Adoption case judge tells couple challenge same sex marriage ban - FOX 10 News |

Adoption case judge tells Michigan couple challenge same sex marriage ban

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Jayne Rowse and April DeBoer outside of federal court  (Credit: MyFox Detroit) Jayne Rowse and April DeBoer outside of federal court (Credit: MyFox Detroit)

MyFox Detroit Reporter

DETROIT (MyFox Detroit)
-- A same sex couple from Hazel Park filed suit against the governor and state attorney general because they can't jointly adopt.  Wednesday, a federal judge suggested they instead challenge the state's definition of marriage.

"I just want my kids to have the same rights as everybody else's family.  They deserve those rights," said April DeBoer.

DeBoer and her partner, Jayne Rowse, have been fighting for their kids all their lives.  They are both nurses who fostered and adopted three special needs children, who are now thriving.

DeBoer and Rowse were certified by the state as a couple to foster the children, but the state only allowed them to adopt them as individuals.  They want the right to jointly adopt.  They want their children to have two legal parents.

"The kids deserve protection that every other child deserves," said Rowse.

So the women are suing the governor and the state attorney general because of Michigan's restriction on joint adoptions by people who are not allowed to marry.  However, attorneys with the state called the efforts by the plaintiffs an end run around the state law.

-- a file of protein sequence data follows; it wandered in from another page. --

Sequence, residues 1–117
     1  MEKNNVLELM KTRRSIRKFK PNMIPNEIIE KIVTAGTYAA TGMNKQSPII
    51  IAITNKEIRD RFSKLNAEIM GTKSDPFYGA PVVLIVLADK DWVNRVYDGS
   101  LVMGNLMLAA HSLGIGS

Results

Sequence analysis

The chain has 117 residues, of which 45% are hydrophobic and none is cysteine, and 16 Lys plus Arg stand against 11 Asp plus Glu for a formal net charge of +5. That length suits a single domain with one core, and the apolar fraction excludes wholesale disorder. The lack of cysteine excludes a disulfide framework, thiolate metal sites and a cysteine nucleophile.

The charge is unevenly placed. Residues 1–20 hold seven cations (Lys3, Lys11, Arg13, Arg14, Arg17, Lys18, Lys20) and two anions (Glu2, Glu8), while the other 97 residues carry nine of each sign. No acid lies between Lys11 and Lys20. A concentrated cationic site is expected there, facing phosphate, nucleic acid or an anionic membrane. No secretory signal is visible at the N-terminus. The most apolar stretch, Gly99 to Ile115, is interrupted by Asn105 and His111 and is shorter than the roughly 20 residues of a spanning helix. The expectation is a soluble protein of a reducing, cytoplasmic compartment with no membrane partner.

In the end, that's exactly what federal Judge Bernard Friedman suggested they do, challenge the state's definition of marriage.  That's really the underlying issue, he told them.  It would be the first challenge to Michigan's law banning same sex marriage, and this couple might be the one to take it on.

"We're going to look at all of our options, talk this over and really do the rational thing that we decide is right for everyone," Rowse said.

"It makes it a broader issue with a much broader class of people being affected," said attorney Carole Stanyar.

"It would resolve this matter altogether if the ban on same sex marriage in Michigan was found to be unconstitutional," said attorney Dana Nessel.

"You're talking about bringing my children into even more than they've already been through, and I'm not sure we're ready to do that," said DeBoer.

Judge Friedman has given them ten days to amend their complaint.  That's just a short time for them to decide whether or not they're going to take on the ban on same sex marriage in Michigan.

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